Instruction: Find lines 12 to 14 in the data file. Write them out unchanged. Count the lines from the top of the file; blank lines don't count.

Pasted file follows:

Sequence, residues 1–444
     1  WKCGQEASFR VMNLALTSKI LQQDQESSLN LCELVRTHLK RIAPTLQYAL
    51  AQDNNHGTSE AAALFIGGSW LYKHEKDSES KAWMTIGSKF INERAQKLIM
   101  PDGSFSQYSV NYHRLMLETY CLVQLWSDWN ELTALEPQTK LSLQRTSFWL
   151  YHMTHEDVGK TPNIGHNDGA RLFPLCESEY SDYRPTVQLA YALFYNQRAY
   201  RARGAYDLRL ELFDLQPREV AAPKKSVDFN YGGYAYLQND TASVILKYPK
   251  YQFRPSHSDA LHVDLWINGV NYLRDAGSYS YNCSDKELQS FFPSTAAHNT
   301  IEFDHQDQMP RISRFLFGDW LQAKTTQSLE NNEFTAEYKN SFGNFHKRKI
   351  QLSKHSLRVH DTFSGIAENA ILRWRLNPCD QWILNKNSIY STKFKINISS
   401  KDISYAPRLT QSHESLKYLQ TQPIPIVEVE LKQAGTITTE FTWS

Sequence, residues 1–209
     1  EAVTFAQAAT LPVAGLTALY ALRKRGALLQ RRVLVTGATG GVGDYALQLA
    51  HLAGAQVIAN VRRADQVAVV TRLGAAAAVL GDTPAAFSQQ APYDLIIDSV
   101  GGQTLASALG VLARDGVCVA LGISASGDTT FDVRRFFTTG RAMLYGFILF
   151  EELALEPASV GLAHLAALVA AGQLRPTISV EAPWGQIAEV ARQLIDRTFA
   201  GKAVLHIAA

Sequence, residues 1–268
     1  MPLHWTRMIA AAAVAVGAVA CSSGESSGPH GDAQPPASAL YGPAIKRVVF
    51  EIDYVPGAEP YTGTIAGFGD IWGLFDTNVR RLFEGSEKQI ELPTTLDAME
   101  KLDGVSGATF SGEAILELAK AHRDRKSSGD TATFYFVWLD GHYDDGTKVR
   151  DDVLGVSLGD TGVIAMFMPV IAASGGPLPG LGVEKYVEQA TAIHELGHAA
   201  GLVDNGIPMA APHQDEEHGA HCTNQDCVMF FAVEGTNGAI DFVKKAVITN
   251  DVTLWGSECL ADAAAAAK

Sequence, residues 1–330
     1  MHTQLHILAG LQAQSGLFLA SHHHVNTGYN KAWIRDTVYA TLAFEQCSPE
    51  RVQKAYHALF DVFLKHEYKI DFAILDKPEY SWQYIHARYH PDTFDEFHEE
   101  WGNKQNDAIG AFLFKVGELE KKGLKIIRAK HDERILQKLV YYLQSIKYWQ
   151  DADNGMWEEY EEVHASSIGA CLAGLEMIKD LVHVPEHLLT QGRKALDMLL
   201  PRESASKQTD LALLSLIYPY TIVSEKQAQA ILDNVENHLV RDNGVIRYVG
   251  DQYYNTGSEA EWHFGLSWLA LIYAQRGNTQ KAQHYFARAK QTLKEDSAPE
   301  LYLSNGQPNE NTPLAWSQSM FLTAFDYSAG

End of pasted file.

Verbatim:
     1  EAVTFAQAAT LPVAGLTALY ALRKRGALLQ RRVLVTGATG GVGDYALQLA
    51  HLAGAQVIAN VRRADQVAVV TRLGAAAAVL GDTPAAFSQQ APYDLIIDSV
   101  GGQTLASALG VLARDGVCVA LGISASGDTT FDVRRFFTTG RAMLYGFILF